This article is part of the Strife Series on Women and Children’s Health in Conflict. Read the Series Introduction at this link.
After a crisis, women face abuse in many shades and colours. Such abuse includes intimate partner violence, which is occurring at a shockingly high rate in many countries. Moreover, some women and girls who rely on aid are exposed to sexual exploitation by aid workers who withhold support until sexual demands are met. It is important to highlight that the mentioned types of abuse, and many others concerning health and safety of women, do not only affect individuals. They also have a long lasting impact on societies as numerous studies have shown that children growing up with violence are more likely to being abused or becoming abusers themselves in the future. Categorically, sexual violence, child marriage, female genital mutilation, trafficking for sexual exploitation, female infanticide, and ‘honour’ crimes remain common in many societies.
Working as a medical referrals’ coordinator for refugees, I still recall being struck by the number of underaged girls leaving school and getting married. Often before the age of 18, they endured numerous preventable health complications as a result of giving birth to their first, second and sometimes third child before they reached adulthood. And this problem did not end there, one woman I met had had more than 9 pregnancies before reaching the age of 35. This was because, as she told me while laying on her hospital bed, “a woman in her culture cannot say no to her husband”, and that hers “does not approve of using contraceptives or any family planning method”, even though she has been continuously warned that further pregnancies may jeopardise her own life.
These are just snapshots of many life stories that women and girls experience when they are deprived of access to basic services such as sexual and reproductive health. The inability to access such essential services puts women at a greater risk of unplanned pregnancy, maternal mortality and morbidity, severe sexual and reproductive injuries, and contracting sexually transmitted infections. In addition, emergencies cause scarcity of basic feminine hygiene products, which causes girls to experience cultural shame. This, in turn, can negatively affect their mental health and exposes them to physical health risks as low menstrual hygiene has been linked to reproductive and urinary tract infections.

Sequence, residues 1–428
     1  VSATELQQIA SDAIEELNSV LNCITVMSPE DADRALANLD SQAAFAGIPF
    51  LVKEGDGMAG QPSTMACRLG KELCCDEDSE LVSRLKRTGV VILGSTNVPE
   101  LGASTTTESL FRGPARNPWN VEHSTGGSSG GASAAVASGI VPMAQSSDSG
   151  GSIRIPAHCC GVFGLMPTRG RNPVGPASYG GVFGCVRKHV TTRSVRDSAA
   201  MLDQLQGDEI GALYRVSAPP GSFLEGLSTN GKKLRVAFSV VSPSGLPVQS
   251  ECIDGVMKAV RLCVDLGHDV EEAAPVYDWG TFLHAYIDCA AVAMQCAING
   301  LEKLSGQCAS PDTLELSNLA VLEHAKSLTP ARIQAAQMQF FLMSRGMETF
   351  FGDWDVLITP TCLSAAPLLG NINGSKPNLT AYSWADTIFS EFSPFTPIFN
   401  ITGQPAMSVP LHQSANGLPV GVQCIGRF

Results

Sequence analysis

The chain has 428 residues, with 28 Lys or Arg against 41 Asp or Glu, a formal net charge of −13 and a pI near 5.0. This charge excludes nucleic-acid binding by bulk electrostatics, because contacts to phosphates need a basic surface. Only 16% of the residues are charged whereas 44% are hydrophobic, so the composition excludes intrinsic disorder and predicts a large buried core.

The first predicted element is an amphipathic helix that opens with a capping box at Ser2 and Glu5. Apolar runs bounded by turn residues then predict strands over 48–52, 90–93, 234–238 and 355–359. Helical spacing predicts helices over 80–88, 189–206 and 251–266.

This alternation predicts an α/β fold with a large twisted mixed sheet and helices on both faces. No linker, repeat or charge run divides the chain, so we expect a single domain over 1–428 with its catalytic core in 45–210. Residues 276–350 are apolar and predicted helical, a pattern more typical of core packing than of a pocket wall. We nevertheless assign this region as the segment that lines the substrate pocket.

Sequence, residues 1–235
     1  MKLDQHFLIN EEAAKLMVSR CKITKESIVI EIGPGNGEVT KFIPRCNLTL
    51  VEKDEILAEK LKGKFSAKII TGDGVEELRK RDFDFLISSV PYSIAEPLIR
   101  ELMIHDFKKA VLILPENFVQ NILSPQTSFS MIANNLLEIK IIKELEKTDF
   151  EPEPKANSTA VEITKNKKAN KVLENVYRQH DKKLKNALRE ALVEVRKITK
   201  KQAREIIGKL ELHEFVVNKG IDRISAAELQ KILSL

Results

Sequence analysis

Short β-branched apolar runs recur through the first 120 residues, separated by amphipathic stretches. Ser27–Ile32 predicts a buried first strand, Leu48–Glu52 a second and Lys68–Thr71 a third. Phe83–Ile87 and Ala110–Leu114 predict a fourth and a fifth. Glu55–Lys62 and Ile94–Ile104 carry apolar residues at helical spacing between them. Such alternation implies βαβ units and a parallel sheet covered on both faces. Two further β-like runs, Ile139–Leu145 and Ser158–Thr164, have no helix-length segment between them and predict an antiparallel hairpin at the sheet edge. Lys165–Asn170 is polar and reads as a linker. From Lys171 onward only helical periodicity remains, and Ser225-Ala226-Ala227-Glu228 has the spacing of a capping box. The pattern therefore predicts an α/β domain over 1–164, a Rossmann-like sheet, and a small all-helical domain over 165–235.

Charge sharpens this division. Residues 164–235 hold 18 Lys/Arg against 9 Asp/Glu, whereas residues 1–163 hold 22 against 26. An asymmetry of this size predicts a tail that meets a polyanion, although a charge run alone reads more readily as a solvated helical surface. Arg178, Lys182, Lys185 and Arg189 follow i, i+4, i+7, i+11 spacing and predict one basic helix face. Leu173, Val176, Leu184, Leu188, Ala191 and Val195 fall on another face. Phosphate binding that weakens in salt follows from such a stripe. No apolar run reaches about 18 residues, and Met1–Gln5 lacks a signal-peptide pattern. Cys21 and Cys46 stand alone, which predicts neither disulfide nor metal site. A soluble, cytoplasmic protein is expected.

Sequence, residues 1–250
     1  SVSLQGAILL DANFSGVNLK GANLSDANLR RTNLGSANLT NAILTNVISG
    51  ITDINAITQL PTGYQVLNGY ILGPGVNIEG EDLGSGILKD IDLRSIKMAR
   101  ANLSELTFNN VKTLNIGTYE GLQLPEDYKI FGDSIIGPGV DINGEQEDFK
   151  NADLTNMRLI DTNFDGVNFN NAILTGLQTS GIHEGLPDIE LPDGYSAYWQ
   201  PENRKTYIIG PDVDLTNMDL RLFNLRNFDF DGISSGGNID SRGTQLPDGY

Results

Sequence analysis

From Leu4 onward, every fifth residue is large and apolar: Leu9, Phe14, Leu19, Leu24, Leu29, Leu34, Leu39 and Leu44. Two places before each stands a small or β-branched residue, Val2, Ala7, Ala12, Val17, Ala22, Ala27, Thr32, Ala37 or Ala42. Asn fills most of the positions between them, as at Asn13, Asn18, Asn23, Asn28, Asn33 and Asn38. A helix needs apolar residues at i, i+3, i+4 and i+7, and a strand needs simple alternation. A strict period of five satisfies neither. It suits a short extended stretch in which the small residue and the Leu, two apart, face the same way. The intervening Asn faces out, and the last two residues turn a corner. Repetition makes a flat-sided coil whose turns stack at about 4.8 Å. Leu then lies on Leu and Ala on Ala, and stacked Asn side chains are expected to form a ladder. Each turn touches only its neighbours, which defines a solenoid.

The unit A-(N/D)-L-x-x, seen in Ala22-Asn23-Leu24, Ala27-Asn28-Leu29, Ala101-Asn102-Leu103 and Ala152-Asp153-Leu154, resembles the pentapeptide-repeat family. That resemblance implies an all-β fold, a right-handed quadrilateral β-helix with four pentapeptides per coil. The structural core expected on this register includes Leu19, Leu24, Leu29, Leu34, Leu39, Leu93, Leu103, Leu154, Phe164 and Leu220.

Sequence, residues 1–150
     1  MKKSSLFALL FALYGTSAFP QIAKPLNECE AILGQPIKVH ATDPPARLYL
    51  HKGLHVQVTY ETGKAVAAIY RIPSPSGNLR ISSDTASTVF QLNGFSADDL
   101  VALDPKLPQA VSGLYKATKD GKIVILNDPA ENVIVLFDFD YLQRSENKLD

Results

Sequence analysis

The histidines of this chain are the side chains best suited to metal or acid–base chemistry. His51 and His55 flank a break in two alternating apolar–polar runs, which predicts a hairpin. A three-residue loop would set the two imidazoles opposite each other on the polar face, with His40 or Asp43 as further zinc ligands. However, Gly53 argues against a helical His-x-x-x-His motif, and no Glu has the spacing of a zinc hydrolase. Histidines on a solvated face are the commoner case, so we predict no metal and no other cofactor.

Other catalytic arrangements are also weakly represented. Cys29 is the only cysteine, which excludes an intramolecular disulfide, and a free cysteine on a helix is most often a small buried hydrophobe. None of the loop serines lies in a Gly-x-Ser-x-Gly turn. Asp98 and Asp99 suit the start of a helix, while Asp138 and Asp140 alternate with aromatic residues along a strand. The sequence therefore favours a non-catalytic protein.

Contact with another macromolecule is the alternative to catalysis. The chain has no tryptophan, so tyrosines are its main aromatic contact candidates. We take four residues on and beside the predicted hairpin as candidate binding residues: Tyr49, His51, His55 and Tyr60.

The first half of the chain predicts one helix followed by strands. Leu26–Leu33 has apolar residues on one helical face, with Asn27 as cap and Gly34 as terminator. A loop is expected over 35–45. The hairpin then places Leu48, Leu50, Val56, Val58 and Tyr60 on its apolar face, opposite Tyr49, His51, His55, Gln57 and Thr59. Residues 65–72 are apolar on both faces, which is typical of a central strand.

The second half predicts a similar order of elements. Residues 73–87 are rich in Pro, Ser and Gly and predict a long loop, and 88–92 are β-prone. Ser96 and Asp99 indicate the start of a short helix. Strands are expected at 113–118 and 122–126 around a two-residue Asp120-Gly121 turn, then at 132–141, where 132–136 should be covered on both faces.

As the COVID-19 global pandemic further worsens the suffering of communities especially in the Eastern Mediterranean region, where many countries are already experiencing conflict or are undergoing post-conflict transitions, many organisations and governments have reported a dramatic increase in GBV. This increase can largely be attributed to factors such as disruption of social and protective networks and decreased access to services.
The risk of GBV was exacerbated during the COVID-19 pandemic as many females were trapped in long lockdowns with their abusers. This put them at increased risk of various types of abuse, while isolating them from access to support systems. Simultaneously, governmental support was reduced as resources were diverted to the enforcement of Covid-19 measures and precautions. This has meant that law enforcement is stretched thin and is unable to address reports of GBV in a timely manner. For example, the World Health Organization (WHO) Eastern Mediterranean Region Office’s (EMRO) initial information from two countries in the Eastern Mediterranean Region, reported an increase of 50-60% in cases of violence against women, based on survivors’ calls for help to women’s organisations’ hotlines.
Even though many international and local organisations are working on issues related to women and girls, as one of the most vulnerable groups in post-conflict and emergency settings, I believe that there is still a very long road to go in order to achieve protection and meet women and girl’s needs. In order to alleviate suffering, UN organisations need to advocate for ending sexual violence against women and meeting the needs of women and girls, through raising awareness, increasing accessibility to healthcare including sexual and reproductive health services, and enforcing regulations that serve and protect females.
To support that, I believe that governmental and non-governmental organisations should prioritise including women in planning for and responding to emergencies, ensuring they are active participants in both formal and informal processes. The inclusion of women will shift the situation from women and girls being perceived solely as vulnerable or as victims, to being able to plan for and support their own needs. Many organizations supporting women’s involvement state that women are often strong influencers and dynamic leaders of change. Empowering women to participate in decision making ensures that women and girls’ issues are prioritised in any formal actions and, I believe, would be a major step towards better serving the needs of women and girls. As a woman who has studied and worked in emergency management, I believe that women in decision-making positions are able to give back a voice to those females who need it the most.
Asma works on projects targeting emergencies that directly affect vulnerable populations in the Eastern Mediterranean region. She witnessed first-hand how conflict and post-conflict conditions affect girls and women in various aspects. She shares her experience, having worked with vulnerable groups such as refugees, to highlight issues with which girls and women suffer during and after conflict.